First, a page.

The History Channel
* On Sept. 27, 1540, in Rome, the Society of Jesus — a Roman Catholic missionary organization — receives its charter from Pope Paul III. The first Jesuits took vows of poverty and chastity, and made plans for the conversion of millions to Catholicism.
* On Sept. 23, 1875, Billy the Kid, born William Henry McCarty, is arrested for the first time after stealing a basket of laundry. He broke out of jail and roamed the American West, eventually earning a reputation as an outlaw and murderer, with a rap sheet that allegedly included 21 murders.
* On Sept. 29, 1907, Gene Autry, perhaps the greatest “singing cowboy” of all time, is born in Tioga, Texas. While Autry was no cowboy, he was a genuine Westerner who had lived on a ranch. His lasting fame came from films and his first movie, “In Old Santa Fe,” eventually was followed by nearly 100 other films.
* On Sept. 28, 1918, a Liberty Loan parade in Philadelphia prompts a huge outbreak of the flu epidemic in the city. By the time the epidemic ended, an estimated 30 million people were dead worldwide. The most likely origin of the 1918 flu pandemic was a bird or farm animal in the American Midwest.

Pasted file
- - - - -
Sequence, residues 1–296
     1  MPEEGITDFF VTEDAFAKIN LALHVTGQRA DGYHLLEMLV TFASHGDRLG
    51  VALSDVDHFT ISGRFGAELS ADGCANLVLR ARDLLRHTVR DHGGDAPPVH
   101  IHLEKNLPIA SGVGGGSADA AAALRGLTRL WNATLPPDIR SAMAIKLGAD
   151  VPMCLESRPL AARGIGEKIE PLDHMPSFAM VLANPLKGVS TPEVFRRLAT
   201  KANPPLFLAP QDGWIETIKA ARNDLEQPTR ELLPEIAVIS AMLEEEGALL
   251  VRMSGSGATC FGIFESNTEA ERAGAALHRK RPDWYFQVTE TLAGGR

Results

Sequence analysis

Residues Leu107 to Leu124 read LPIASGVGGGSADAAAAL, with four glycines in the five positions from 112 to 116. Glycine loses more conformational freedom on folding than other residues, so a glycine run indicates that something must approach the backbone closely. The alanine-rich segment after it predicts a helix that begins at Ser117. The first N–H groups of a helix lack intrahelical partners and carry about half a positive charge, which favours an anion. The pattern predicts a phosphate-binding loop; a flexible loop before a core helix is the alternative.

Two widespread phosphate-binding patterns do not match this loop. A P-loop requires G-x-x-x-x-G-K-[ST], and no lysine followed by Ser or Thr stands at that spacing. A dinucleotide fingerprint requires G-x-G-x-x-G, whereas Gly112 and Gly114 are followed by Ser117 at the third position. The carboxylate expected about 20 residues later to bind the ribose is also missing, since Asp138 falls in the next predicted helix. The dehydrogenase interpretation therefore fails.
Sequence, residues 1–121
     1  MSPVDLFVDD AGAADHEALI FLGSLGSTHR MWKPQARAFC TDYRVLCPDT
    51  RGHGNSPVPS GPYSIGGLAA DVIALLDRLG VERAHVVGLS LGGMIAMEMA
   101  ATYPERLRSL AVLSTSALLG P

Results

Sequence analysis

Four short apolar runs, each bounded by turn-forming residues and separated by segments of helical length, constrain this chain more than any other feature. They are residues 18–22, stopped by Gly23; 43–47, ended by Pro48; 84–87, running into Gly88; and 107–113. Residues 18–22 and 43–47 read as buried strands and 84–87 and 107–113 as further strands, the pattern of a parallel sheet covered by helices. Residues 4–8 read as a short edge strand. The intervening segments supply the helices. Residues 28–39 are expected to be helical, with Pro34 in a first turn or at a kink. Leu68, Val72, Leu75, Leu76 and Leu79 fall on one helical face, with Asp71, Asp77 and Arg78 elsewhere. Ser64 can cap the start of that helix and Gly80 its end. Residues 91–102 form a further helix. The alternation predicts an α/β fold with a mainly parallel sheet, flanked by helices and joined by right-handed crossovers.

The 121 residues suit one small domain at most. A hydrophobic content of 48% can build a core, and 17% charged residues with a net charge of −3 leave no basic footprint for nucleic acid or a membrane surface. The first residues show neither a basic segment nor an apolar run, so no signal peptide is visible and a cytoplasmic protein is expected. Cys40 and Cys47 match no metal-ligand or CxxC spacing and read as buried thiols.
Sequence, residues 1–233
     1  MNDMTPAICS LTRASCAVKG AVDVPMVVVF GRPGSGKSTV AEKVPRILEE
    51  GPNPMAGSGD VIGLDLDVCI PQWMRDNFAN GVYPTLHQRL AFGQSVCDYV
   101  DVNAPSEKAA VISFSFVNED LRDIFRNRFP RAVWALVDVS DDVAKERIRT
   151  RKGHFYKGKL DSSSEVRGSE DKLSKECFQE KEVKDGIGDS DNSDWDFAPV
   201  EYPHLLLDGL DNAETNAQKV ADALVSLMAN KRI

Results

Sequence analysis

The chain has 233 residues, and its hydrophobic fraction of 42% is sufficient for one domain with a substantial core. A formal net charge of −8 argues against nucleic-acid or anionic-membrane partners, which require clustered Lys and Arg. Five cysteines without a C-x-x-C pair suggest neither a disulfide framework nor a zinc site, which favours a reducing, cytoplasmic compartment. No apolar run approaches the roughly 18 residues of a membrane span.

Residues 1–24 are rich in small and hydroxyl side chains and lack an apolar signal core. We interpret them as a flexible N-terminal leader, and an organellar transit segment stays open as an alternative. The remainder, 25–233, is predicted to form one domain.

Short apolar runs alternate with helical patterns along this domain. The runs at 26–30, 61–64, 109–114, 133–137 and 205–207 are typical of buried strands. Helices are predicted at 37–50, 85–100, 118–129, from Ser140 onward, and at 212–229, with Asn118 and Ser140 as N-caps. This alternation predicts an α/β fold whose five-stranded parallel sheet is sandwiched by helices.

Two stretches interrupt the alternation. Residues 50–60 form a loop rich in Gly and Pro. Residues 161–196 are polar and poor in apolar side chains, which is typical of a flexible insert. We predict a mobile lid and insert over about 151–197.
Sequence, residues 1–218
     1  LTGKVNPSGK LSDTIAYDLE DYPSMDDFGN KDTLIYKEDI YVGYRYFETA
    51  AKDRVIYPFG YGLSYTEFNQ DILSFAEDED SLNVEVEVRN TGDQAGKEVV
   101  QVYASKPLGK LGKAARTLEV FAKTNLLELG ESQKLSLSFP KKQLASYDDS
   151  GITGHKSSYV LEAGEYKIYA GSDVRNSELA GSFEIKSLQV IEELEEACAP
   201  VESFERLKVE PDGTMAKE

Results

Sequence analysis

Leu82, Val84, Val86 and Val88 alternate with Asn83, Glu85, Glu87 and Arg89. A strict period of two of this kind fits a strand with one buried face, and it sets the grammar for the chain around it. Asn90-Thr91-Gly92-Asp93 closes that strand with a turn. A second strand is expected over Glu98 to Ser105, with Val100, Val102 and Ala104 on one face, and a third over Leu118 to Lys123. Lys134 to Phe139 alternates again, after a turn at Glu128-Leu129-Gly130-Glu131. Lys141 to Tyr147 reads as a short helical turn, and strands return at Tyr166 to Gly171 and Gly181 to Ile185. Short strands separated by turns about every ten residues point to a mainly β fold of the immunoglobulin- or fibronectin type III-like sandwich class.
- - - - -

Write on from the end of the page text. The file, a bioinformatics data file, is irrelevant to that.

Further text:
* On Sept. 26, 1928, work begins at Chicago’s new Galvin Manufacturing Corp. In 1930, Galvin would introduce the Motorola radio, the first mass-produced commercial car radio. (The name had two parts: “motor” evoked cars and motion, while “ola” derived from “Victrola” record players.)
* On Sept. 25, 1965, the Kansas City Athletics ageless wonder Satchel Paige started a game against the Boston Red Sox. The 59-year-old Paige, a Negro League legend, proved his greatness by giving up only one hit in his three innings of play. He was the oldest pitcher ever to play a game in the major leagues.
* On Sept. 24, 1988, Canadian sprinter Ben Johnson runs the 100-meter dash in 9.79 seconds to win gold at the Summer Olympics in Seoul, South Korea. Johnson’s triumph, however, was short-lived: He tested positive for steroids three days later and was stripped of the medal.